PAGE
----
July 13, 2022
“Imagine a world where racial disparities in health care could be virtually eliminated. In fact, there’s no need to imagine — it’s already happened at a health care center in Greensboro, North Carolina, for black and white patients with breast and breast cancer. lung.
“Think about it: A critical pathway to closing the racial gap in health outcomes in the United States may already exist. Whatever it took to close the gap and improve treatment completion rates for all has been the tireless work of the Greensboro Health Disparities Collaborative (GHDC), a group of community leaders and advocates, public health researchers and medical professionals.Before the work of the GHDC, white patients were completing treatment against cancer at a significantly higher rate than black patients, with a gap of 7 percentage points To be clear, when it comes to cancer, not completing treatment is fatal. little known of how this coalition of volunteers, guided by anti-racist principles, community-driven solutions and genuine partnership – plus an unwavering focus on structural racism at the root of inequity – has solved too.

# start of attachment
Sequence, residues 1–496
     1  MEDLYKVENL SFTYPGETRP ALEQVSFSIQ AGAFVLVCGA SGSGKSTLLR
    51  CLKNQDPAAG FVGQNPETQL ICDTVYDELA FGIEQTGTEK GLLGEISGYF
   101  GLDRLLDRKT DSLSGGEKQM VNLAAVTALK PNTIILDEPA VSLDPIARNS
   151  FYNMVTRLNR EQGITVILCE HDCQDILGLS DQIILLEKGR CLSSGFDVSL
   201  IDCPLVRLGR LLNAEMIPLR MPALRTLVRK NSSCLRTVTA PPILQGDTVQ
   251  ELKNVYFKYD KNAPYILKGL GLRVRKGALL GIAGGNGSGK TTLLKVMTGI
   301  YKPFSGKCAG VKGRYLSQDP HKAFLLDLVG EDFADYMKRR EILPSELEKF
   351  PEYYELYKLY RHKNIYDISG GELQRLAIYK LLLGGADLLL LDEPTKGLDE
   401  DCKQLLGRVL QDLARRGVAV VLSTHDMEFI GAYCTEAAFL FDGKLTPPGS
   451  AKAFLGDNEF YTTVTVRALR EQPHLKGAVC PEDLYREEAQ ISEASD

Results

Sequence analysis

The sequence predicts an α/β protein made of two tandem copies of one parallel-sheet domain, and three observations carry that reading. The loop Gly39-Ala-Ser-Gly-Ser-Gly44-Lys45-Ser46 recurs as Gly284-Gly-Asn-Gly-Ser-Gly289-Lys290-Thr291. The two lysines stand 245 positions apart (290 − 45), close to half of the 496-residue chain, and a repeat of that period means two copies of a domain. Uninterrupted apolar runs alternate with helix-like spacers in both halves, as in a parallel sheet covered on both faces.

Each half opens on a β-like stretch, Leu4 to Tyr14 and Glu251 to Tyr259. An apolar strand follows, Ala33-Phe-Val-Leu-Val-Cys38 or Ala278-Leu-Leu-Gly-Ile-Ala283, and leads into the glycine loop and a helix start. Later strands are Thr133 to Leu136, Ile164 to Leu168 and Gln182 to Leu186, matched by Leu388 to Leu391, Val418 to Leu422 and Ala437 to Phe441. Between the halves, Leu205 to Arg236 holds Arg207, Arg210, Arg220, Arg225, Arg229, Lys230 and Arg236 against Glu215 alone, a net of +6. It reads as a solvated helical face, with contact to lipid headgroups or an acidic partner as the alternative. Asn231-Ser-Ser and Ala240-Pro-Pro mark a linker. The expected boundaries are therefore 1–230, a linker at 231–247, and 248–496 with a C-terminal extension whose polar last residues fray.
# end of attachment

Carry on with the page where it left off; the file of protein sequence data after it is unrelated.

The Greensboro Health Disparities Collaborative (GHDC) is proud to announce the release of an in-depth case study (PDF), which begins with the words above and tells how and why the GHDC was successful in addressing racial disparities in the cancer treatment completion.
The Collaborative is a 19-year-old academic-community medical partnership that uses anti-racism, principles of community organizing, and community-based participatory research to guide successful efforts to implement systemic change. The University of North Carolina at Chapel Hill, Cone Health, and the University of Pittsburgh Medical Center have been staunch partners in conducting rigorous research with the GHDC over the years. The case study is the result of a collaboration between The Bridgespan Group, the Groundwater Institute and the Racial Equity Institute.